Alcohol Awareness Week 2023 Dementia Hwb Awareness 3 – 9 July

This week is Alcohol Awareness Week, run by Alcohol Change UK. In the UK alcohol is used during celebrations and during hard times. It has been described as the ‘Uk’s favourite coping mechanism’ (Publications | Mental Health Foundation), often used to provide a short term escape from current feelings, while long term use can contribute to many internal consequences. One such consequence being Alcohol Related Dementia.

Alcohol & The Brain

Alcohol Related Dementia is most common in people in their 40s and 50s, and accounts for 10% of early-onset dementia cases (Alcohol related brain damage – Dementia UK). It is a form of brain damage caused by excessive use of alcohol (5+ years of 35+ units per week) (Alcohol-related brain damage – quick guide for professionals | Alcohol Change UK), which can lead to memory loss and difficulties in performing day-to-day tasks (Alcohol-related ‘dementia’ | Alzheimer’s Society ( Frequent overconsumption of alcohol prevents the body from getting enough thiamine (vitamin B1), essential for turning food into energy to keep our nervous systems and brains healthy (About thiamine – NHS ( Wernicke’s Encephalopathy can occur when the brain does not receive enough thiamine, leading to intense swelling of the brain, with symptoms including: disorientation, difficulty controlling eye movement, poor balance, and being undernourished. If left untreated the person is likely to develop a long-term condition called Korsakoff syndrome/dementia, symptoms include; changes in personality, false memories and memory loss, problems with learning, concentrating and decision making (Alcohol related dementia and Korsakoff’s Syndrome (­.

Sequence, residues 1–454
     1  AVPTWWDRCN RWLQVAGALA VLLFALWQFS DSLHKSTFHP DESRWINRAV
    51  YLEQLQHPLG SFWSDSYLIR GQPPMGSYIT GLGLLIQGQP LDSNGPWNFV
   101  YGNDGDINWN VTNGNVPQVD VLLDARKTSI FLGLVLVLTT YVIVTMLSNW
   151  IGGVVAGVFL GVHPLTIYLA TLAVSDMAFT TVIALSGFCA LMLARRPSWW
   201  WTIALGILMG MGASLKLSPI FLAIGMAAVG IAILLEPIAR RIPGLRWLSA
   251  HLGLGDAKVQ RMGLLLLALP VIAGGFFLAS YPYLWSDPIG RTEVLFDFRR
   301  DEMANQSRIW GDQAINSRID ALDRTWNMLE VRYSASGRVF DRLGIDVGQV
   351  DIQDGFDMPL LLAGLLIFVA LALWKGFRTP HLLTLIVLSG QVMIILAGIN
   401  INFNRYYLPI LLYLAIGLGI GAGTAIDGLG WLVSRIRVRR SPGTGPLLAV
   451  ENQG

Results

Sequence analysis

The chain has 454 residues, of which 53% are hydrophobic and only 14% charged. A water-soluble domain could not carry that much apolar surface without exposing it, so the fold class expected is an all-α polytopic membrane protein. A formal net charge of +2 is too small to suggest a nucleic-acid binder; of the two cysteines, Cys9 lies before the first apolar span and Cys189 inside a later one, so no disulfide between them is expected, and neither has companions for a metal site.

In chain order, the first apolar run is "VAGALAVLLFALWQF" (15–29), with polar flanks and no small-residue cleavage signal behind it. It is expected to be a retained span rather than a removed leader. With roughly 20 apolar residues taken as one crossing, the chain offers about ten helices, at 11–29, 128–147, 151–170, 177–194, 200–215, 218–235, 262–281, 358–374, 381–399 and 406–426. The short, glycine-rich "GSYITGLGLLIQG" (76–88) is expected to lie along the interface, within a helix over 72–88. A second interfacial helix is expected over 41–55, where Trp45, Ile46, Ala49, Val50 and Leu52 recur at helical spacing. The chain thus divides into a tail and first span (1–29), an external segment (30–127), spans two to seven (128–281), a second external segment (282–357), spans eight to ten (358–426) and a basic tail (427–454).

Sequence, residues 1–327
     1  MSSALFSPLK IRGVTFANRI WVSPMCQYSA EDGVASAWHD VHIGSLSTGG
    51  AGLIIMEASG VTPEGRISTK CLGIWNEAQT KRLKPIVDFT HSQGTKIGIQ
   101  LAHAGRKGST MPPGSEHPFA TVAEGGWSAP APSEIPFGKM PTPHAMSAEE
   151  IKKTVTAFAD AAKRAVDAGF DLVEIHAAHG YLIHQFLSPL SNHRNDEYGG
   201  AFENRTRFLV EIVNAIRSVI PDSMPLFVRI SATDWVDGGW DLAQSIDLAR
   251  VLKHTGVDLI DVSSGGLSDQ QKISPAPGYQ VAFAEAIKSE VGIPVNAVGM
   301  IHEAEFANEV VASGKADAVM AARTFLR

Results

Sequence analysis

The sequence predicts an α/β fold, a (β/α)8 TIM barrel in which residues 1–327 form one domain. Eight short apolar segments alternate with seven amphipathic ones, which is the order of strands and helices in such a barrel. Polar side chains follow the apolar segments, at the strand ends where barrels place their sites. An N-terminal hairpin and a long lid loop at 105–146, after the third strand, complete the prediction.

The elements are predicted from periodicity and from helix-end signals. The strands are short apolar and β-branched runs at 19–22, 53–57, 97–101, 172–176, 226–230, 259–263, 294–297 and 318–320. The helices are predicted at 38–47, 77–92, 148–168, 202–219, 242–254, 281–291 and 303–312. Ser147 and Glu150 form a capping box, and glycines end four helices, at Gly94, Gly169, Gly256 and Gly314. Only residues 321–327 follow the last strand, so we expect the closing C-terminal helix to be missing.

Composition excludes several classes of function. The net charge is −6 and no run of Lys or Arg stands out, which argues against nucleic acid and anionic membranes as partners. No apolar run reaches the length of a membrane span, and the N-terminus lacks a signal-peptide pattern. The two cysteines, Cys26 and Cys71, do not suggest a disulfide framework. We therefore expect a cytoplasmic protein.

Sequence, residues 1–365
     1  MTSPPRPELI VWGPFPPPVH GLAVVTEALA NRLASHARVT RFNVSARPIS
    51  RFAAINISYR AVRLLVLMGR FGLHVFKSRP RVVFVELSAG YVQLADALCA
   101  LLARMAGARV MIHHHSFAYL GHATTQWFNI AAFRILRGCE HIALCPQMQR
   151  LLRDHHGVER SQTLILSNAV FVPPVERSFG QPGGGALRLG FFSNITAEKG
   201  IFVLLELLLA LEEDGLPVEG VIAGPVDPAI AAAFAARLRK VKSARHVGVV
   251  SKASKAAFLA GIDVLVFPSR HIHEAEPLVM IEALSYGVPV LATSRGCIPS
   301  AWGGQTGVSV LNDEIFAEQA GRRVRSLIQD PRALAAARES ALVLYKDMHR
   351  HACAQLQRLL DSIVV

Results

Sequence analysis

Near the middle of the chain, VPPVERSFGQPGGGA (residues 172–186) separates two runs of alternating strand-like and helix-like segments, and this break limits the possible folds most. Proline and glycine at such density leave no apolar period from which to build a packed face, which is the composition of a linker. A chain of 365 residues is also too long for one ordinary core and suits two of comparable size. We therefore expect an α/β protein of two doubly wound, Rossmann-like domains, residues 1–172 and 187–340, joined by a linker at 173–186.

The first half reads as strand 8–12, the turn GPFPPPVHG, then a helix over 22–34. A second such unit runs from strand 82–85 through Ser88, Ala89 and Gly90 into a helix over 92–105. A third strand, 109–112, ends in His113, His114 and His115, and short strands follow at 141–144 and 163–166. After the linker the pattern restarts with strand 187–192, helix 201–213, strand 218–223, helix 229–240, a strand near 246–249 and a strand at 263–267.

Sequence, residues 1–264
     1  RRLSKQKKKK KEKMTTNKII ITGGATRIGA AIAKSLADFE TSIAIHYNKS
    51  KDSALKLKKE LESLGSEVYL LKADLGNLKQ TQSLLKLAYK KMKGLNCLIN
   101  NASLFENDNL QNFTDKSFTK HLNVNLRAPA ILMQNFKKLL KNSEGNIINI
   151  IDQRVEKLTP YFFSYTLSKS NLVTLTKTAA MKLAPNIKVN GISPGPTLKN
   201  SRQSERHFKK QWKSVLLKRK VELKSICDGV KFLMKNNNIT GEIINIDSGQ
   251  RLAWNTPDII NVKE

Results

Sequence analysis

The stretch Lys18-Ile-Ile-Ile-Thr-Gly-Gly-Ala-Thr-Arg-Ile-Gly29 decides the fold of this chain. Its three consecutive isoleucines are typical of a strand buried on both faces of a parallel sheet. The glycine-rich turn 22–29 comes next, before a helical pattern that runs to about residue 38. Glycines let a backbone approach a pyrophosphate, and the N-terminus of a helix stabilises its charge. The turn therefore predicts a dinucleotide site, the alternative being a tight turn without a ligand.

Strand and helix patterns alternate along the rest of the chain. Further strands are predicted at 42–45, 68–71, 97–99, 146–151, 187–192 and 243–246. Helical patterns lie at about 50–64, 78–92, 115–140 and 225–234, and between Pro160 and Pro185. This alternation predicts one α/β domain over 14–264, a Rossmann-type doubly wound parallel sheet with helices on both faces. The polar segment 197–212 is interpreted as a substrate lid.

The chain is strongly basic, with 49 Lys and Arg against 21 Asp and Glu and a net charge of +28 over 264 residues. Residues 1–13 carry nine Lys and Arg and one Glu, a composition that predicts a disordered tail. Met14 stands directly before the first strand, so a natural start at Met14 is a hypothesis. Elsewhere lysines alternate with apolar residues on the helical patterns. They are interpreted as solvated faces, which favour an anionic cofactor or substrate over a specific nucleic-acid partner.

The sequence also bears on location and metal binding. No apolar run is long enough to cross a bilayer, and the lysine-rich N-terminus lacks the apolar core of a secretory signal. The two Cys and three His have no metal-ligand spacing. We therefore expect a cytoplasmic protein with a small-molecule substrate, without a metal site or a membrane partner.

For individuals who have already received a diagnosis of dementia, it is important to follow GP guidelines on whether any alcohol intake is appropriate, as alcohol can accelerate the onset of symptoms.

Protecting The Brain

Being mindful of what we consume is a key step in protecting our brains. We can also:

  • Consume no more than 14 units per week (6 pints of lager, 1.5 bottles of wine per week).
  • Have alcohol free days and substituting for non-alcoholic drinks.
  • Manage stress, anxiety and depressive symptoms with healthy coping mechanisms such as: exercise, meditation, connecting with people, alone time, or counselling.
  • Consume a balanced diet.
  • Avoid smoking.

What Support Is Available?

It is important to understand that reducing alcohol intake can be extremely difficult for some people, so showing understanding and patience for yourself or others is necessary. Raising awareness and reducing the stigma for those actively seeking to help themselves is a must. If you have concerns about any of the conditions named above please seek advice from your GP.

Support Services For Alcohol Use:

Dementia Specific Support Services:

Article by Abigail Davies

You Are Not Alone

Remember, you are not alone. If you have concerns about your memory, care for someone with dementia or are looking for additional information and advice the Dementia Hwb is here for you. You can visit the Hwb 7 days a week between 11am-3pm, call us on 01792 304519 or email us on

We can also offer memory assessments with the Community Memory Support Team for Swansea Bay University Health Board. This is not a diagnosis but instead designed for people without a diagnosis who are worried about their memory to see if they need further referral to a GP or alternate memory test.